Editor's note: In honor of Shark Week, NBC Sports California will look back at the five best teams from Sharks franchise history. Numerous factors have been taken into consideration, including overall team success, roster makeup, historical significance and more. We continue with the 2005-06 Sharks.
The first Sharks team to win at least 44 regular-season games came in as the fifth-best team in franchise history. The next to accomplish the feat comes in fourth.
San Jose emerged from the 2004-05 NHL lockout arguably better than it went into it. After reaching their first-ever Western Conference final in 2003-04, the Sharks took advantage of the new rule changes put in place during the lockout that were designed to increase scoring.
The degree to which they took advantage, however, shot up several notches midway through the season, after the most important trade in franchise history changed the trajectory of the team for the next 15 years.
Here's a look back at the 2005-06 Sharks, the fourth-best team in franchise history:
Why they're the best
The 2005-06 Sharks stand apart from all others in franchise history due to the sheer concentration of scoring power. San Jose scored 266 goals that season, the second-highest single-season total in franchise history behind only this past year. More than a third of those goals came from two players: Jonathan Cheechoo and Patrick Marleau, who combined to score 90. Cheechoo's 56 goals still stand as San Jose's single-season scoring record, 12 more than the next-closest finisher.
39 of Cheechoo's 56 goals came off an assist from Joe Thornton, with 28 of those being of the primary variety. Of course, that all came within just 58 games, as Thornton only joined San Jose in December. He came over from Boston in exchange for Marco Sturm, Wayne Primeau and Brad Stuart.
Safe to say, the Sharks won that trade.
In those 58 games, Thornton tallied 20 points and 72 assists, finishing one point shy of Cheechoo for the team lead. Think about that -- 92 points in 58 games.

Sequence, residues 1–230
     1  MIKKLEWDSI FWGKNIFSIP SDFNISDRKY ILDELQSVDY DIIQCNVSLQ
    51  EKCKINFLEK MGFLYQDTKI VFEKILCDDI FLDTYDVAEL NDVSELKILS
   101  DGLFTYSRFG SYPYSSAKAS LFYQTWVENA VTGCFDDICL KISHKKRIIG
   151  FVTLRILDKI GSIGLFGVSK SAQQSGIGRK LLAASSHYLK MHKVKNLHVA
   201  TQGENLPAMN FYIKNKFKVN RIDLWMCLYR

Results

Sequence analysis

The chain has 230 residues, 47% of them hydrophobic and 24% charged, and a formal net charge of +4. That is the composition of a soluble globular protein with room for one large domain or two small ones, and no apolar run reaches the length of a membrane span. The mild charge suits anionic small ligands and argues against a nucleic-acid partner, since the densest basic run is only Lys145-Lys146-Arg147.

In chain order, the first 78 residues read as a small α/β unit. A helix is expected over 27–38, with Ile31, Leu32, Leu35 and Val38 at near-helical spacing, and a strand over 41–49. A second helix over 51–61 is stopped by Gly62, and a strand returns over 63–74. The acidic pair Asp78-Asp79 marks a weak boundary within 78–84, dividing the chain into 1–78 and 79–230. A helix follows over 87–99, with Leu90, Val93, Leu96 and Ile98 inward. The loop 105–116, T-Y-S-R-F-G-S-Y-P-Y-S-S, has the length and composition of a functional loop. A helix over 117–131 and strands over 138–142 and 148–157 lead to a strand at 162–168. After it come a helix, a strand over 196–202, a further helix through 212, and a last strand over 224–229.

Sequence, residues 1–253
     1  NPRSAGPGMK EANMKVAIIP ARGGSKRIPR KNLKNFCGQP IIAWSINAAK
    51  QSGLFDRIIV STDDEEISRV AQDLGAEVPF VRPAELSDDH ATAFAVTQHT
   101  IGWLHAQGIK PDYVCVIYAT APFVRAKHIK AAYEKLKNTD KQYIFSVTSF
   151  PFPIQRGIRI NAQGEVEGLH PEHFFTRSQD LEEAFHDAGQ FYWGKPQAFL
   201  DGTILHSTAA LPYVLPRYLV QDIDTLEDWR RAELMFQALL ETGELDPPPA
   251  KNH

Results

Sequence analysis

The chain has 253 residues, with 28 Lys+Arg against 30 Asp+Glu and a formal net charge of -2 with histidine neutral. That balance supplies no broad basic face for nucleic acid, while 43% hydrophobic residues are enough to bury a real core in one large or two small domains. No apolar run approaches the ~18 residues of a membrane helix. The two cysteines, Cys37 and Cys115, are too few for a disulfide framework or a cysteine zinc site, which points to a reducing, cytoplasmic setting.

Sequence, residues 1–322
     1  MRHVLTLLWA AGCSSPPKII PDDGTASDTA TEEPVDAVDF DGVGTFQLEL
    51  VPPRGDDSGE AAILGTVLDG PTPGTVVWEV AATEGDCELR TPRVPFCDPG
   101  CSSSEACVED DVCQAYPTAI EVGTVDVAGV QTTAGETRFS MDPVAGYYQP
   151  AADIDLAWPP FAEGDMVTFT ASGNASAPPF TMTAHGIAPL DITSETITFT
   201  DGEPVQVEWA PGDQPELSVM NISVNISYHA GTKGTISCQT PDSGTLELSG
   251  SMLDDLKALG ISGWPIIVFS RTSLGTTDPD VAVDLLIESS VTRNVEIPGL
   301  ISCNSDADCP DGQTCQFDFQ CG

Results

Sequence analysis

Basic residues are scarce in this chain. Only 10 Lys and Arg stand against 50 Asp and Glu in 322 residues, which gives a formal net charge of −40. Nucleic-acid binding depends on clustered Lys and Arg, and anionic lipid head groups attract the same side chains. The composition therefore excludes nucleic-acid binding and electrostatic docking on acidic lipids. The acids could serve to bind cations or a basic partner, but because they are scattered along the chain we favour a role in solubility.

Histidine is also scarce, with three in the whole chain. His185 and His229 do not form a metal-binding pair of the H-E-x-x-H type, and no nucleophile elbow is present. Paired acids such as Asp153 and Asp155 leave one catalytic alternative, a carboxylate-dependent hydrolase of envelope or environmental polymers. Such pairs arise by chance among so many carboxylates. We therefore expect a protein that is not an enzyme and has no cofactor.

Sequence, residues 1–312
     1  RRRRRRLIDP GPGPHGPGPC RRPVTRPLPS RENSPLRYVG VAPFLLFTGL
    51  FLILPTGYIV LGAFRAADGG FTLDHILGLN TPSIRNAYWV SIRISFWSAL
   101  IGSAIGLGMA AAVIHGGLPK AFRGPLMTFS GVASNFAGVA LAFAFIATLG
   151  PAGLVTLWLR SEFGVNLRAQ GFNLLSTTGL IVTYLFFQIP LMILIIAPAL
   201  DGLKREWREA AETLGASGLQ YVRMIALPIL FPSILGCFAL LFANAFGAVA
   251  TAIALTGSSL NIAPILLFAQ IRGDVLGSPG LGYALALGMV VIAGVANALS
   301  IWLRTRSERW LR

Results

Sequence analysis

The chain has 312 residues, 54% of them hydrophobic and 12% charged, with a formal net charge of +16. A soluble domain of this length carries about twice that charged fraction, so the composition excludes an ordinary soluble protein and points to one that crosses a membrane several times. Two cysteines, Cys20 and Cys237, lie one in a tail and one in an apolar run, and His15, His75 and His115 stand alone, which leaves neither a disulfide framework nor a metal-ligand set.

Imagine leaving Thornton off the NHL's 100 Greatest Players list. Absolutely ridiculous.
With Cheechoo, Marleau and Thornton -- in the middle of a Hart Trophy campaign as the league's MVP -- all entering their primes and on top of their games, the Sharks arguably have never been led by such a high-powered trio.
Why they're not
The long layoff caused by the 2004-05 lockout didn't do San Jose's goaltending any favors.
In the season prior, Evgeni Nabokov posted a .921 save percentage and 2.21 goals-against average. In 2005-06, his save percentage nosedived to .885, and his goals-against average exploded to 3.10. Consequently, Nabokov was passed up on the depth chart by Vesa Toskala.
While Cheechoo, Marleau and Thornton couldn't be kept off the score sheet, there was a significant dropoff behind them. Outside of that trio, only Nils Ekman topped the 20-goal plateau, and he and defenseman Tom Preissing were the only other players to tally more than 35 total points.
The Sharks' goaltending and scoring depth issues caught up to them in the playoffs. After defeating the Nashville Predators in a five-game first-round series, San Jose won the first two games of their Stanley Cup playoff second-round series against the Oilers.
But midway through Game 2, Edmonton's Raffi Torres got San Jose's Milan Michalek with a vicious, blindside hit to the head, sending Michalek to the dressing room. After scoring three points in the first four periods of the series, Michalek missed the next two games and was held off the score sheet for the remainder of the series.
The Sharks never responded in-kind to Torres' hit, and that proved to be a momentum-changing event as Edmonton reeled off four consecutive victories to defeat San Jose in six games. The Oilers ultimately finished one win shy of lifting the Stanley Cup.
Had the Sharks gotten a clutch save here, or an unexpected goal there, it might have been a different outcome. But they didn't, and that's why they rank where they do in franchise history.
Best teams in Sharks history
No. 5: 2001-02